That was literally the question I was asked during a recent Q&A during a severe weather safety presentation I made to an engaged group of seniors in Buford, GA.
The answer, quite frankly is – “maybe”. I wasn’t trying to be coy or evasive. However, as in real estate, the answer depends on location.
Here is an enlarged view of the radar image above showing the tell-tale “hook” signature of a tornado. It’s one of things that as a meteorologist, I look for when determining if a storm contains a tornado:
In most mature super-cell thunderstorms like this one, the incredible updrafts are lofting copious amounts of moisture thousands of feet into the air. There, they freeze and grow until they overcome the updraft and fall as hail stones, sometimes achieving the size of golf balls or larger.
To the right is the favored location of hail in these kind of storms.
So, if the tornado is moving toward the hail, then yes, you would experience hail followed by the destructive, twisting winds of the tornado. Not a welcome combination.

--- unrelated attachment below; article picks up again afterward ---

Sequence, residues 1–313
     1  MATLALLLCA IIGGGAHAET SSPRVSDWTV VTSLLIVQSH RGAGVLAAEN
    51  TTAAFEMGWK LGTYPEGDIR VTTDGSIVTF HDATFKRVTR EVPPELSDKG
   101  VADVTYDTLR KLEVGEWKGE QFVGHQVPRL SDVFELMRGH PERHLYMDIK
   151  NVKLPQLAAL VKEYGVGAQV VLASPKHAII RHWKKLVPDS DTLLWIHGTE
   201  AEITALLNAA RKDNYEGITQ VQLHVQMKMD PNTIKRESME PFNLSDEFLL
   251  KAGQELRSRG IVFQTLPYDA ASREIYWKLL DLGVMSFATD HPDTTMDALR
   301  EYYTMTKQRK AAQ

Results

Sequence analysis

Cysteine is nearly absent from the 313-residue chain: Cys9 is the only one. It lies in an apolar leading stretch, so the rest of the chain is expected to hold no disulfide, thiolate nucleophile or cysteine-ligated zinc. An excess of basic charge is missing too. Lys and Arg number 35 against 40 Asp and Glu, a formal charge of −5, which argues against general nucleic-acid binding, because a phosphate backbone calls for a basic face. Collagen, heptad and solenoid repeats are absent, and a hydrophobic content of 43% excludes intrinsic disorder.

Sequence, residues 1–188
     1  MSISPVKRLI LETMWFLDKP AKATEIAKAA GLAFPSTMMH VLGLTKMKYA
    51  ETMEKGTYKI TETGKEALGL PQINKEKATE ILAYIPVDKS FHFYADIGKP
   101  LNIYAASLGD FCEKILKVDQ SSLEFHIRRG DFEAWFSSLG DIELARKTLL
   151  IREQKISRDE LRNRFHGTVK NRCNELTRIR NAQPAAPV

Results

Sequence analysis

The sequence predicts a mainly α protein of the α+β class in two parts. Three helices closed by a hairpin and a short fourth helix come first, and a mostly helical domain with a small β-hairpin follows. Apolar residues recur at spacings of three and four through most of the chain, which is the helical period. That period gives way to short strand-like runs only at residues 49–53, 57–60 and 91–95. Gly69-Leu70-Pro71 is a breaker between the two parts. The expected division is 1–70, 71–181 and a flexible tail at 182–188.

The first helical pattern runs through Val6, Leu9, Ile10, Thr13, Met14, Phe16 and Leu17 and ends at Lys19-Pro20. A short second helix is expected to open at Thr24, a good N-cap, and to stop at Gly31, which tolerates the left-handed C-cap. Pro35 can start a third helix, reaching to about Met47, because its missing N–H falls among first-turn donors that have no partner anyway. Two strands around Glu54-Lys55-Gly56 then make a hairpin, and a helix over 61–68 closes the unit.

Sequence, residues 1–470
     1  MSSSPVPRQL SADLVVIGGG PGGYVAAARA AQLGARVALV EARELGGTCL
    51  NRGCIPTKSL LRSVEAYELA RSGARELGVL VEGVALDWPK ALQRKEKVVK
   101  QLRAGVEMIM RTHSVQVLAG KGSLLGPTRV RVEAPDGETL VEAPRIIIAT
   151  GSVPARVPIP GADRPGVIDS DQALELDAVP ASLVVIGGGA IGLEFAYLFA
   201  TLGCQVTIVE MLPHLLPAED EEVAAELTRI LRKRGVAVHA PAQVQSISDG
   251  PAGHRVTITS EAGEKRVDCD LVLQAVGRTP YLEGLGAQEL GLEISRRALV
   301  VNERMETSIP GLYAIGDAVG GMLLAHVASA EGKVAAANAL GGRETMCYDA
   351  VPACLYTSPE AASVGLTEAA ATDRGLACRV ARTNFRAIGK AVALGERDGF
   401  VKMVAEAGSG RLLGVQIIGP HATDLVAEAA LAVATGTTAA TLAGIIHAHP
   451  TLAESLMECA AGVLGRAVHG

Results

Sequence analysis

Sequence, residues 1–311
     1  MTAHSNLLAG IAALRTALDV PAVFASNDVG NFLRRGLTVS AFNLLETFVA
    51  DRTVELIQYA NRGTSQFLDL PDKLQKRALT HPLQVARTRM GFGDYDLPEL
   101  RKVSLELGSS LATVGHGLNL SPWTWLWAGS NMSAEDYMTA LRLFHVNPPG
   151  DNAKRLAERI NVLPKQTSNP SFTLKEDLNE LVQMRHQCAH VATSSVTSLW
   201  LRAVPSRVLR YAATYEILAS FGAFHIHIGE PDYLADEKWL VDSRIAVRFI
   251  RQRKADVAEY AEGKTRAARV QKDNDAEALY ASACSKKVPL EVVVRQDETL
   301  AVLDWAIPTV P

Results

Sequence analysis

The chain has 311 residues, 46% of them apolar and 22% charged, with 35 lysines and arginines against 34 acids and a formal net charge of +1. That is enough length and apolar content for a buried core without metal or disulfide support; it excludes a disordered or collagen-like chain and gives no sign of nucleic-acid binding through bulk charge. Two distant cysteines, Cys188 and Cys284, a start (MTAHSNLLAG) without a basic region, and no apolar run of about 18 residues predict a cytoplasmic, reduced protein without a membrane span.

However, if you are located where the white circle is (the radar site) and the tornado is moving toward you, then the hail core would pass north of you and all you would experience is the tornado.
One of the reasons I make presentations to civic, community and business groups is that people have questions about the weather and extreme weather is fascinating. Naturally, as human beings, we are all curious about the “why”; I’m no different and I may not always have the answer. But it is in the seeking that I learn more.
Gene Norman is a meteorologist representing WeatherCall, a national weather service company. Residing in Atlanta, he is available to make weather safety presentations and may be reached at firstname.lastname@example.org.